Straight from the Source
On Thursday, April 28, Turkish President Recep Tayyip Erdoğan visited Saudi Arabia to meet with King Salman and Crown Prince Mohammed bin Salman, marking the first visit since the killing of columnist Jamal Khashoggi, which strained ties between the two countries. Erdoğan described the visit as the manifestation of Saudi Arabia and Turkey’s common will and interests and an entry into a ‘new era’ of bilateral relations.
President Erdoğan was greeted in Jeddah, a Red Sea port city, with various roads decorated with both Saudi and Turkish flags. Erdoğan met with Saudi King Salman in Al Salam palace in an official ceremony prior to his sit-down discussion with Crown Prince Mohammed bin Salman. Writing for Daily Sabah, journalist Meryem Ilayda Atlas highlighted both leaders’ willingness to engage in a stronger symbiotic relationship for greater stability. Erdoğan expressed hope that joint bilateral efforts will bring benefits to both countries and the region: “We are determined to continue this effort for our common interests and the stability of our region…I believe my visit will herald a new era in the ties between our two countries. We have demonstrated our common will to enhance ties on the basis of mutual respect and trust, most clearly and at the highest level.”
Turkey’s newfound attempt at a renewed relationship with Saudi Arabia can be economically traced back to Turkey’s current economic crisis. Turkey is combating rising bread prices and overall rising Turkish currency, which have been catalysts for many protests nationwide and growing dissatisfaction with Erdogan’s regime. The country’s deepening financial crisis has become a large incentive to look for outside help such as oil-producing Saudi Arabia. According to Gulf News, a Western diplomat stated that “Erdogan is pragmatic and a political animal, and his polls may not hold up for a year unless he can boost jobs…so he is partly seeking deals and funding in Saudi, and a swap line for perhaps $10-$20 billion would be something worthwhile.”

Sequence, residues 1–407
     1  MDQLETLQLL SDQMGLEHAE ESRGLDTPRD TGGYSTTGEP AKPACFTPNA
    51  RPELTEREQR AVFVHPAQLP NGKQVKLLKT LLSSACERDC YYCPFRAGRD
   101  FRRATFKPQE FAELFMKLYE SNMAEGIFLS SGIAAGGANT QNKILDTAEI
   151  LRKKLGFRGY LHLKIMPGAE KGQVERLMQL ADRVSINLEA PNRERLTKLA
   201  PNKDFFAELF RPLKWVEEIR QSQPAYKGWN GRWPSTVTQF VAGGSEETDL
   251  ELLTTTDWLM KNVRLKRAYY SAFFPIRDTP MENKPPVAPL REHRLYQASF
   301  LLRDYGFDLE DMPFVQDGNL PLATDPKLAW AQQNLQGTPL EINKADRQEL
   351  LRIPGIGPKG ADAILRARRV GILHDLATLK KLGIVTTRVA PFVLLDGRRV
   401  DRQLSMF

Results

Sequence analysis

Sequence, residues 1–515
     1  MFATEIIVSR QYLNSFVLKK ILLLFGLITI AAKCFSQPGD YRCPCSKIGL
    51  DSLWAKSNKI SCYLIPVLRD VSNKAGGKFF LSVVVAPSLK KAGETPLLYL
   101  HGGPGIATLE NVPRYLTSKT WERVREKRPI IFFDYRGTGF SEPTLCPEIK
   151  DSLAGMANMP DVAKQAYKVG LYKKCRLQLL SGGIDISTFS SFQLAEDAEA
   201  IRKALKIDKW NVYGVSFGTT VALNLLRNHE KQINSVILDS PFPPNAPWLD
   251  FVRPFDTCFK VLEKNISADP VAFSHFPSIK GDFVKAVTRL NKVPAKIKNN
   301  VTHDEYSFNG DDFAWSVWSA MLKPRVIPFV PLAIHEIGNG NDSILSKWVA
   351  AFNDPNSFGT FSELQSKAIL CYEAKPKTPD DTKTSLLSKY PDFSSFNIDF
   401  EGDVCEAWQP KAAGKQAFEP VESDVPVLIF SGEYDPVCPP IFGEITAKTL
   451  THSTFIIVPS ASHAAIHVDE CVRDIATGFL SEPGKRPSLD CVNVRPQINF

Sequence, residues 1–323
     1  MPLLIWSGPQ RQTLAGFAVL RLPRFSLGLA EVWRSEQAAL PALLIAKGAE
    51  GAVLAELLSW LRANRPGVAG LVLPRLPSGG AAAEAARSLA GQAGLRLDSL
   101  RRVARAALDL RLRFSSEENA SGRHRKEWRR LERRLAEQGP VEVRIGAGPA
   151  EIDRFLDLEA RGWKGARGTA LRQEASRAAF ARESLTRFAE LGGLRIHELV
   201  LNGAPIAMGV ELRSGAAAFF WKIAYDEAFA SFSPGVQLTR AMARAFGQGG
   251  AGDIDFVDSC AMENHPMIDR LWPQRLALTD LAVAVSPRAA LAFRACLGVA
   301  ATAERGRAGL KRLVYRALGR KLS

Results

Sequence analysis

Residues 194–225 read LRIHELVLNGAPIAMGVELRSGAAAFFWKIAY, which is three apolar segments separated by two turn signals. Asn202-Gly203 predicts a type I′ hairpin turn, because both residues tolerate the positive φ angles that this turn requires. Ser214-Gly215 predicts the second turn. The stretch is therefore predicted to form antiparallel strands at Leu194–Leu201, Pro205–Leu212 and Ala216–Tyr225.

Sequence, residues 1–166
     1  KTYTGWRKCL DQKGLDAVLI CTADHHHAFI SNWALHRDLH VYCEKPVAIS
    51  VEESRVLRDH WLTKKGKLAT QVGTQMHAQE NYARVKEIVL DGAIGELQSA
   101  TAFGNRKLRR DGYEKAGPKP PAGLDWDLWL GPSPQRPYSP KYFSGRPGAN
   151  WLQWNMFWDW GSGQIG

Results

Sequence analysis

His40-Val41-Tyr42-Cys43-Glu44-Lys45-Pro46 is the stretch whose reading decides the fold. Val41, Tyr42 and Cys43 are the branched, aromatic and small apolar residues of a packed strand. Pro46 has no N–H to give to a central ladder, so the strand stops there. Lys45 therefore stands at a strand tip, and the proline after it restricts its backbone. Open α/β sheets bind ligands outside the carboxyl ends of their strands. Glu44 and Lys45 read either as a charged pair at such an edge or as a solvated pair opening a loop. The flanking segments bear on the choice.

Turkey is also likely looking to strengthen its relationship in light of economic complications resulting from the Russia-Ukraine war. Formerly, Turkey received 45% of its natural gas from Russia and Russia has also continually been Turkey’s largest source of tourists, making Turkey dependent on Russia financially. Gulf News highlights that “the visit comes as Turkey grapples with the economic fallout from the war between its Black Sea neighbours Ukraine and Russia. Diplomats and analysts say the overtures are needed to help relieve economic and political pressures after Turkey’s policies in Syria, Libya and elsewhere in recent years left it increasingly isolated.”
Inversely, Saudi Arabia’s GDP has enjoyed major growth in 2022’s Quarter 1 thus granting the Kingdom the capital necessary to invest in strategic neighbors, such as Turkey. Dubai-based media company Zawya dives further into Saudi’s economic growth: Saudi Arabia’s real gross domestic product (GDP) rose 9.6 percent year-on-year (YoY) in Q1 2022, achieving the highest growth rate since 2011, data issued by the General Authority for Statistics (GASTAT) showed…The figures showed that the seasonally adjusted real GDP in the Kingdom grew by 2.2% in the first quarter of 2022 compared to the previous year. This increase was due to the positive growth in oil activities by 2.9%, and an increase in non-oil activities by 2.5%.”
Within rising terrorist activity and regional leaders struggling to either balance or outcompete, Turkey is arguably seen as an important Saudi partner for the stability and security of the Gulf region and MENA region as a whole. According to AzerNews, Erdoğan highlights Saudi’s benefit in partnering with Turkey. Erdoğan states: “We express on every occasion that we attach as much importance to the stability and security of our brothers in the Gulf region as our own. We underline that we are against all forms of terrorism and that we attach importance to cooperation with the countries in our region against terrorism. I believe we will take our relations to a level beyond what they were previously.”
Nevertheless, growing cooperation between the two countries seems to extend beyond the economic sphere and spill onto cultural and social spheres. A major example includes Saudi’s interest in becoming the next host for the World Expo in 2030, continuing the trend of an Arab country host. Following the end of the 2020 Dubai World Expo this past March 2022, the Saudi Gazette underlines one of Erdoğan’s first renewed non-economic support of Saudi: “Erdogan affirmed that his country would back Saudi Arabia's bid to host the 2030 World Expo in Riyadh.”